I had to temporarily disassemble my primary multimedia PC system last week (it sits in front of a window that was being replaced) and decided it was finally time to provide some thoughts on multimedia surround sound systems. This is long overdue. How long overdue? One of the systems I intended to review, Klipsch's ProMedia 5.1, was discontinued a few years ago and replaced with the ProMedia Ultra 5.1. The other, a Logitech Z-5500 system the company was kind enough to send over last year, is no longer a new model either. Logitech added the Z-5450 to the line, which offers wireless surround speakers, though, unlike ProMedia, at least the Z-5500 is at least still on the market!
Both THX systems are impressive, and can pressurize my small room to over 110 decibels without distortion - true THX reference level, and way too loud for normal listening without causing permanent hearing damage. As a PC peripheral, they're definitely pricey add-ons. Hard core gamers buying $4,000 PCs should be able to set aside a tenth of that for audio, but with a $400 budget PC it may be harder to justify spending nearly the same amount on the speakers as on the whole computer. Still, when considered as home theater speakers, the systems are quite reasonably priced - you simply won't find HTIB speakers under $400 that compete with them.
However, there is a huge caveat: multimedia systems are designed for use with a PC. With XP Media Center systems and large LCD monitor/TVs proliferating, perhaps that's not as unusual a proposition as it was a few years ago, but there are other considerations as well. Multimedia systems are designed for near-field listening: like studio monitors, speaker designers know where you'll be sitting -- right up in front of the speakers, not ten feet away on your couch. Therefore, while the power and THX certification of these systems ensures often spectacular audio performance in a small room with one or two listeners, they simply aren't designed to be cheap replacements for a living room system. But for secondary systems, dorm rooms, gaming, and small rooms, the performance and value a 5.1 multimedia system can provide is impressive.
My initial experience with Logitech's first generation 5.1 speaker systems was not a positive one: the subwoofer was boomy, and the main speakers added a modest amount of unwelcome colorization to the sound. Klipsch has a long history (decades of experience, actually) with the MicroTractix horn drivers used for upper frequencies in the ProMedia system, and the resulting sound was clearly superior to Logotype's first effort. However, with the Z-5500, Logitech upgraded the main drivers to "polished aluminum phase-plug" units that "combine two drivers into one--the clarity of a tweeter with the richness and fullness of a separate mid-range." Despite my usual skepticism about product marketing drivel (in a past life, I was a product marketing manager myself), in this case, the marketing copy basically has it right. The new driver array is a marked improvement. The subwoofer didn't improve nearly as much; it can play louder than before, but is still too boomy for my taste, overemphasizing sounds in the upper bass region (I'd guess in the 70 - 90 Hz range). In comparison, the Klipsch's sub is well controlled down to about 35 - 40 Hz, after which it basically disappears, which is a fair trade-off for a small system. I suspect that consumers - particularly gamers - may actually prefer the Z-5500's boomier sound, but I'm a home theater snob and wish for better accuracy. The Klipsch sub also provides more flexibile placement options than the Logitech, which comes with a prominent warning not to place the rather large unit directly next to a PC - the exact spot I suspect most users intend to use.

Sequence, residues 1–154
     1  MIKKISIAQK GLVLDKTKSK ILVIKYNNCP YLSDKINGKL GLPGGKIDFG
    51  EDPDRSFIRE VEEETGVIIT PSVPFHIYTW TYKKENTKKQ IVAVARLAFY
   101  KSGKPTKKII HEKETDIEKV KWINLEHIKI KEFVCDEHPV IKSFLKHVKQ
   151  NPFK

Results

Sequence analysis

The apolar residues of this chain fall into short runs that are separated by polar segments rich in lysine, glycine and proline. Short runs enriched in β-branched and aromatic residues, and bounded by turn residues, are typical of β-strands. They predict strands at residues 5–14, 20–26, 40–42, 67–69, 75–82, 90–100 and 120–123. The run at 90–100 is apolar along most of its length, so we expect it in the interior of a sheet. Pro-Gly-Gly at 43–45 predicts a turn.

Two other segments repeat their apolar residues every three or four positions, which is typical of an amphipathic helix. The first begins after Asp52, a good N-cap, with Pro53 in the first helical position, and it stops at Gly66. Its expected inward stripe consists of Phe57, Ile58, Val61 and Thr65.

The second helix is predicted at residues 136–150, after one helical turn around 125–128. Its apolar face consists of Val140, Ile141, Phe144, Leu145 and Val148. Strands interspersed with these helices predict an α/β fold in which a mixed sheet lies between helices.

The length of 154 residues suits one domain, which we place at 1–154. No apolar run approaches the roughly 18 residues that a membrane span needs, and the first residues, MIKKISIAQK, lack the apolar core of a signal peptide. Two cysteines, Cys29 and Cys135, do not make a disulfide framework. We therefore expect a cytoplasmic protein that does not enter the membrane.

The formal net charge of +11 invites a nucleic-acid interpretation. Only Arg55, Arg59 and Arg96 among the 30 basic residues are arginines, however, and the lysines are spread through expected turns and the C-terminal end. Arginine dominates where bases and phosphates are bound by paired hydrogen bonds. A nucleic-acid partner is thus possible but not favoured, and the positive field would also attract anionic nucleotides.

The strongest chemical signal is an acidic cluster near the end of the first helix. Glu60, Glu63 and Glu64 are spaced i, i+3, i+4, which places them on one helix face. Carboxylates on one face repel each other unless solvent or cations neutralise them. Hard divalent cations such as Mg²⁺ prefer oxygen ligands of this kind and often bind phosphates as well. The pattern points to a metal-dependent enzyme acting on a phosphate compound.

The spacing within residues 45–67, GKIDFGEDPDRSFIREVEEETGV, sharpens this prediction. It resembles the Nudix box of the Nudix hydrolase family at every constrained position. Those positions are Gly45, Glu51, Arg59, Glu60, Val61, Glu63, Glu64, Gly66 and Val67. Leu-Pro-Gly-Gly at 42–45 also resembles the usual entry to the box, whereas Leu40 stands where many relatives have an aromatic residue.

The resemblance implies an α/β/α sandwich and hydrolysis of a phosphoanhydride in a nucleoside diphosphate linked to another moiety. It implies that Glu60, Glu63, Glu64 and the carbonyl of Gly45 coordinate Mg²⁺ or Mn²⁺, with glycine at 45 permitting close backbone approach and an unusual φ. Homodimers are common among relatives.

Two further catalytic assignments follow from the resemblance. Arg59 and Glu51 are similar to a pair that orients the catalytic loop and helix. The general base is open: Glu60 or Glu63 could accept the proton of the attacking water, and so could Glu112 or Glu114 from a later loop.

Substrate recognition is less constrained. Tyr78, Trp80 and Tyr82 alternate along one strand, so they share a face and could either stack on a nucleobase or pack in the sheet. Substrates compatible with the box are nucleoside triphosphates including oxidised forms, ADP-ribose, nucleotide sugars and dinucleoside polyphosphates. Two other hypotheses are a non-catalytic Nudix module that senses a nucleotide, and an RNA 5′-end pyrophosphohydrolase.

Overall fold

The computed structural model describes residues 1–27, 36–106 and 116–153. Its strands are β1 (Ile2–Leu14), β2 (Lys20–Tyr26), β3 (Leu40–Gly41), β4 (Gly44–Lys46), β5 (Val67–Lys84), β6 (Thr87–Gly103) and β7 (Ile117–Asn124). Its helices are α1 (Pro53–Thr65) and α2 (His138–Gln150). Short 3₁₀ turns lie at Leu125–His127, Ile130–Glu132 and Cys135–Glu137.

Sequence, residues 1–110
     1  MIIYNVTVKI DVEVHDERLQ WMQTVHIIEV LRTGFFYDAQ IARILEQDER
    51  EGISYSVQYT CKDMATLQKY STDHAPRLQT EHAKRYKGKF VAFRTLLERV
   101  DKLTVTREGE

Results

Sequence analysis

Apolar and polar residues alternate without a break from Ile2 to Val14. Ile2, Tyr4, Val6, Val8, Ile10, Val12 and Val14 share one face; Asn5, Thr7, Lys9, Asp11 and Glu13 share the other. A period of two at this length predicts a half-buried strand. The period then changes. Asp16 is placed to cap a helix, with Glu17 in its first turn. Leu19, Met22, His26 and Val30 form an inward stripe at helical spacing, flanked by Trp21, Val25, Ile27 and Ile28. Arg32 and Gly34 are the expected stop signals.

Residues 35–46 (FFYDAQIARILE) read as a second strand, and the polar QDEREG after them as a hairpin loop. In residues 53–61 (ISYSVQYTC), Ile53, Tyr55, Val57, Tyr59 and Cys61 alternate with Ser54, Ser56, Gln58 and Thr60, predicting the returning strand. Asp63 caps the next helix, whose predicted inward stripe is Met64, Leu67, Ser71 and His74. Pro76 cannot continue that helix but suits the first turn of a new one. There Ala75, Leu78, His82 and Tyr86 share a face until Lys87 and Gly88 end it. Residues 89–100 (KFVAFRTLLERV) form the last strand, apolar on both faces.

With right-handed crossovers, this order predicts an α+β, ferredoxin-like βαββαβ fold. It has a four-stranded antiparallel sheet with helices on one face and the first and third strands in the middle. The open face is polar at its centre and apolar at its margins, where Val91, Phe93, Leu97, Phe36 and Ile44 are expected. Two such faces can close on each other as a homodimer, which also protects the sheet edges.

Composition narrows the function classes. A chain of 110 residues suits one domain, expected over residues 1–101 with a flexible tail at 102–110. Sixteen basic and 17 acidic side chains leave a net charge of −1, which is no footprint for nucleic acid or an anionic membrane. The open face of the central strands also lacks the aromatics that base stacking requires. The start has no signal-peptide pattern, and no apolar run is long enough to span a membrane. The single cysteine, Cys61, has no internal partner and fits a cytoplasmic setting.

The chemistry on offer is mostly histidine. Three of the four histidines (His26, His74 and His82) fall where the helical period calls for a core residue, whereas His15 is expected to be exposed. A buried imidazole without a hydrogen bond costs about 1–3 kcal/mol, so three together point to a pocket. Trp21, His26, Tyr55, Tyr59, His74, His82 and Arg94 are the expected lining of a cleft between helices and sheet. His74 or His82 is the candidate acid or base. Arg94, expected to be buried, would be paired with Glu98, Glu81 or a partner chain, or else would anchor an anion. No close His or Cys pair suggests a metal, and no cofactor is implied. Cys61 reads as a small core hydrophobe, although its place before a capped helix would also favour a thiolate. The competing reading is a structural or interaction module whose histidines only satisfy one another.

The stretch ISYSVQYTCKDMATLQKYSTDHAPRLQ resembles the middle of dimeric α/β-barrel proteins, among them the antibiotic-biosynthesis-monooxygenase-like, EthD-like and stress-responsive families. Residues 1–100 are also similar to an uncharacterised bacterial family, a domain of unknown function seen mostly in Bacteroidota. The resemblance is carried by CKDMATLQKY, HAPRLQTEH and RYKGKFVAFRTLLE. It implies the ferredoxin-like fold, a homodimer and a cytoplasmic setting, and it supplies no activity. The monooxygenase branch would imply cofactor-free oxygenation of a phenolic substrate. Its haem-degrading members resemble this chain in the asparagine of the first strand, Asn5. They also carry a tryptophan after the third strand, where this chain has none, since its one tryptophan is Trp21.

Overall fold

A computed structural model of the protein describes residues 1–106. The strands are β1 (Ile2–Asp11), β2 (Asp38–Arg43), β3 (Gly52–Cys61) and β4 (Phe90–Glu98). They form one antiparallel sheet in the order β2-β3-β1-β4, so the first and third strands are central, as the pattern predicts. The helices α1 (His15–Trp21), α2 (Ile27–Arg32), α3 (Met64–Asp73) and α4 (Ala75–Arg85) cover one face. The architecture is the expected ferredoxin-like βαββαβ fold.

One area where the Logitech solidly trounces the Klipsch and edges closer to HTIB territory is the control unit. The Digital SoundTouch Control Center is quite a bit more than just a volume control. As you'd expect, it can accept multi-channel audio from a PC, but it can also do multichannel decoding itself, supports DTS 96/24, and connects to as many as 6 sources simultaneously. For some users, the flexibility and versatility will be a deciding factor; you could hook up a DVD player directly to the Z-5500 and avoid firing up the PC altogether.
Either of these systems provides a fabulous home theater experience for a PC-based system in a den, home office, or dorm room. To my ears, the Klipsch provides better sound thanks to a tighter subwoofer, but gamers who want things to go "boom" along with consumers looking for additional input and decoding flexibility may want to consider the Logitech first.
Correction: the Logitech Z-5450 has wireless rear surround speakers, not the "Z5540," as originally posted.